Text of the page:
U.S. automotive aftermarket industry sales grew 2.2 percent in 2017, according to global information company The NPD Group. Growth was driven by a 3.3 percent increase in average selling price, as unit sales declined by 1.1 percent. Macro trends – including miles driven and e-commerce, extreme weather and aftermarket specific spending shifts – were some of the major factors to alter the landscape of the automotive aftermarket in 2017, with some here to stay for the long-term.
There was a deceleration of the miles driven growth rate in 2017, a measure that NPD has found to be directly correlated to the aftermarket’s sales performance. With miles driven trending at a healthy clip of 2.6 percent in 2016, the aftermarket grew its sales by nearly 3 percent. In 2017, that rate slowed to 1.2 percent, slowing the aftermarket’s growth along with it.
“Miles driven was a big factor in creating a healthy environment for the aftermarket industry in 2015 and 2016. This slowdown has been a headwind for the industry in 2017. However, I expect the rate to stabilize in 2018, which will be a nice tailwind for the aftermarket and positively impact its outlook for this year,” said Nathan Shipley, executive director and automotive industry analyst, The NPD Group.
The e-commerce effect is another macro trend to impact the industry. While the aftermarket is one of the lowest e-commerce penetrated industries tracked by NPD, there is a steady progression of consumers moving purchases online, especially within the parts and accessories categories. The aftermarket’s online penetration rate has doubled in the past three years, from 7 percent in the fourth quarter of 2014 to 14 percent in 2017, reports the group.
“A slow migration to e-commerce for automotive products will be one of the most talked about topics in our industry in 2018. As the online channel chips away at brick-and-mortar, manufacturers and retailers alike will continue to find new ways to compete in this space, most notably in the buy online/pickup in store offering for consumers. Identifying and executing on new ways to drive foot traffic, which should be treated as a non-renewable resource, will be critical to long-term success,” said Shipley.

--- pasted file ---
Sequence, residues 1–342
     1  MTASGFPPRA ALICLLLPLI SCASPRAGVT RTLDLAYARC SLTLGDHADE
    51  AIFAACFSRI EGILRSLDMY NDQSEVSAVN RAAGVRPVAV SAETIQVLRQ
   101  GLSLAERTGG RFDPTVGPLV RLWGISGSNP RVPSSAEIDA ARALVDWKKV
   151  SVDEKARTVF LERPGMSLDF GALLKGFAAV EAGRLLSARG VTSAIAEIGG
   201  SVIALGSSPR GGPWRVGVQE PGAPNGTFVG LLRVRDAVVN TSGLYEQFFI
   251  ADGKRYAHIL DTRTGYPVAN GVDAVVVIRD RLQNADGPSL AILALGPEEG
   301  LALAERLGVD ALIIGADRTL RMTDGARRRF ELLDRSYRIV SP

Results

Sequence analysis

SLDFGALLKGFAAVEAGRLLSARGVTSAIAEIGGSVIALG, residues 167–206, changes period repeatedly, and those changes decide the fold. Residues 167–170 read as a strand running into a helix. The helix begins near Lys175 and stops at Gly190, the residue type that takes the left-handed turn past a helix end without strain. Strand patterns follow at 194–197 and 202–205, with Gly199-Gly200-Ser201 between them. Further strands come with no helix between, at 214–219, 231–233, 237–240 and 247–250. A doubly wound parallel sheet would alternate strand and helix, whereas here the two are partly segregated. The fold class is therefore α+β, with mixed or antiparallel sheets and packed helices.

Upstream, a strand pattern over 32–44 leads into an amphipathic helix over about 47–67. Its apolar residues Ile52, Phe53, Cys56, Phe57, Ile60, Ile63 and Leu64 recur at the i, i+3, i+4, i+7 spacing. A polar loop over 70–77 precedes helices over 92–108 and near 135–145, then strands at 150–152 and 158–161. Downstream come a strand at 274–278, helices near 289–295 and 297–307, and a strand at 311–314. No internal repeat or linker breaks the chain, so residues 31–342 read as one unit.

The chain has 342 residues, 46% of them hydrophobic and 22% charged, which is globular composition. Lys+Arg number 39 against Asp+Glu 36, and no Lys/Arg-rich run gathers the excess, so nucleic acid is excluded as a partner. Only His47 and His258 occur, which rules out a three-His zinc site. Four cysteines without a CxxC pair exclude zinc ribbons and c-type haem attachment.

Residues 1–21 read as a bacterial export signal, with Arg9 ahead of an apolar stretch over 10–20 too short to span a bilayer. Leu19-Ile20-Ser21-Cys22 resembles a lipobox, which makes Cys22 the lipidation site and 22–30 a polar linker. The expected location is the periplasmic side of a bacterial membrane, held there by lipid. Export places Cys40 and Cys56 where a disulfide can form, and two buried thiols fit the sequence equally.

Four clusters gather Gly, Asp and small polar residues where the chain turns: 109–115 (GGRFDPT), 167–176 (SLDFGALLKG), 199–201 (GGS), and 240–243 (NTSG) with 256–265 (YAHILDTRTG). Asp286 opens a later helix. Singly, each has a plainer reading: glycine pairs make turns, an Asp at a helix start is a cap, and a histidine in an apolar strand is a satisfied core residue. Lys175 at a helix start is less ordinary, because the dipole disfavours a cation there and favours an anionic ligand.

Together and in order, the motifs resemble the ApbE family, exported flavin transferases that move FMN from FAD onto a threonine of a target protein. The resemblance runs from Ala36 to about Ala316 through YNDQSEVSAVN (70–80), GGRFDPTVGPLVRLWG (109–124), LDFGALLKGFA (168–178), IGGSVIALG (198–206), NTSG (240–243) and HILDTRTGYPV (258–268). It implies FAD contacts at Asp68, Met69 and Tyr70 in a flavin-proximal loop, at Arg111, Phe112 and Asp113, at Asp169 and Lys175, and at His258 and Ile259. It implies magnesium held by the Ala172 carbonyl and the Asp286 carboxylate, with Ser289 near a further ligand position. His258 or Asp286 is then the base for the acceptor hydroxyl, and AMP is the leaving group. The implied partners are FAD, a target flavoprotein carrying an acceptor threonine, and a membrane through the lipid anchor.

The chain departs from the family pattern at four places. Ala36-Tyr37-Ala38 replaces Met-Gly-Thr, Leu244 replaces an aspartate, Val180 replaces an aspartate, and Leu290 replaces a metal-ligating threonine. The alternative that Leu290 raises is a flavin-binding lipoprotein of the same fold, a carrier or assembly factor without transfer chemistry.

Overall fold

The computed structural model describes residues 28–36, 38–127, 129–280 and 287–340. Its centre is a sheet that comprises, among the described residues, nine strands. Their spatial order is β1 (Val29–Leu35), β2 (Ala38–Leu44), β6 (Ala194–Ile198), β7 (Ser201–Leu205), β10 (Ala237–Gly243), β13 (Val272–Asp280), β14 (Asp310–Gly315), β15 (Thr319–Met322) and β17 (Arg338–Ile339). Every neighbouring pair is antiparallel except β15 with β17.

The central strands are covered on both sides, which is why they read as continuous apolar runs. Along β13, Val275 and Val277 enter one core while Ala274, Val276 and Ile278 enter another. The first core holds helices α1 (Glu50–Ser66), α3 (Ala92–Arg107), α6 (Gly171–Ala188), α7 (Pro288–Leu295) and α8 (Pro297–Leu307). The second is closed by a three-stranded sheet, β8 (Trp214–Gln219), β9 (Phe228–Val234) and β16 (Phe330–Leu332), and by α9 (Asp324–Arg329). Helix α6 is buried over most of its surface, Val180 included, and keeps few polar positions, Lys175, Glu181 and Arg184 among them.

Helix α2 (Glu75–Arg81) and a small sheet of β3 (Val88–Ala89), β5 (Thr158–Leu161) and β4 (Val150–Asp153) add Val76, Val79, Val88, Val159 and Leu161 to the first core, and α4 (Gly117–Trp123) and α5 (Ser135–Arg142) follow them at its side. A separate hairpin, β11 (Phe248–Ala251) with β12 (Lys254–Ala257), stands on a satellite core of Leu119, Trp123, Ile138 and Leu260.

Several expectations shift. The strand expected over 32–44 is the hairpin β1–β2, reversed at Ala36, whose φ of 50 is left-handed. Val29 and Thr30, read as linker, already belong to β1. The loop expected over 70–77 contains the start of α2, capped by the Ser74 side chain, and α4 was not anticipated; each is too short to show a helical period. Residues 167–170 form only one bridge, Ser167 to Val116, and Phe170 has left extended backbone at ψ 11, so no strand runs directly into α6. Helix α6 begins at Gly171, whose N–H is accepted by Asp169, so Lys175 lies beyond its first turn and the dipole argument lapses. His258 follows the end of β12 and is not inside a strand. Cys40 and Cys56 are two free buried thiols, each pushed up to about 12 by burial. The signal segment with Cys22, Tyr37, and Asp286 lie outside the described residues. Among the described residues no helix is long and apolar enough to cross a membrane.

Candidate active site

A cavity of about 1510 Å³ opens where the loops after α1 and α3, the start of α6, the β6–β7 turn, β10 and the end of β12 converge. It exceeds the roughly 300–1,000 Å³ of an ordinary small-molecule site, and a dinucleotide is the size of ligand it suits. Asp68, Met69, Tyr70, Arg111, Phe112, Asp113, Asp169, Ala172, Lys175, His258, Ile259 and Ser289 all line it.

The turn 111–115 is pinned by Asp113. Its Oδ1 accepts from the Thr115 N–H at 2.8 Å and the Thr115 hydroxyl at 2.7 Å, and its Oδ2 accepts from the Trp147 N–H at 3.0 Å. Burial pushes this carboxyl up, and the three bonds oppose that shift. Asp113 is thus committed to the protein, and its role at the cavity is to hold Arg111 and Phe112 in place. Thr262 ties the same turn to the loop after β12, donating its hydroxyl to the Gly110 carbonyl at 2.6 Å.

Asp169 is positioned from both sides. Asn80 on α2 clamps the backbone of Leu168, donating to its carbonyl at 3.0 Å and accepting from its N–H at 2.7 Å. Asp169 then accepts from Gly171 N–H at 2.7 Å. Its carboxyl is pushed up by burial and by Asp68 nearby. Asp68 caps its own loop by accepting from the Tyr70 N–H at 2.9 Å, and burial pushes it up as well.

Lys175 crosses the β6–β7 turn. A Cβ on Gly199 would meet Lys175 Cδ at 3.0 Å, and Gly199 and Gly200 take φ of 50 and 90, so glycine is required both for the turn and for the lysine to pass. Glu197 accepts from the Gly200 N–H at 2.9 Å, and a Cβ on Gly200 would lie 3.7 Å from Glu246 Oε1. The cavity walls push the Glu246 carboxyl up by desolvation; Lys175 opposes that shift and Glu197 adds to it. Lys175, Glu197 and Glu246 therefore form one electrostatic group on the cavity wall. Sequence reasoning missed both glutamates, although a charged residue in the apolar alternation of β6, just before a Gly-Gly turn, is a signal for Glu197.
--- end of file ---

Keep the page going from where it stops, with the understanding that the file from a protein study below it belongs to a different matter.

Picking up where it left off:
Weather-related categories moved into the top ranks as hurricanes and heavy snow hit the country in 2017. Fluid management, which includes gas cans and funnels – products that are hurricane related – and batteries were the fastest-growing categories of the year, with sales for both up 6 percent. Other top-performing categories impacted by the weather were lighting (+5 percent), wipers (+3 percent), antifreeze (+3 percent) and cargo management (+2 percent).
There was a significant increase in the overall average selling price in 2017. Average price grew 2 percentage points more verus 2016, and this was influenced by a few different pricing factors. A change in the mix of what sold caused overall price to increase for the tire and wheel category. In motor oil, consumers traded up to higher priced synthetic oil in place of cheaper conventional oil. Price inflation caused an increase in selling prices for transmission fluid, as the same items were priced higher compared to the previous year.
“My expectation is that both miles driven and average selling price will strike their balance in 2018, bringing the aftermarket’s growth to about 2.7 percent for the year,” said Shipley. “While I expect pricing activity in the market to drive topline sales growth, should a strong winter storm hit over much of the country, we will see impressive sales results for a wide range of weather-related categories.”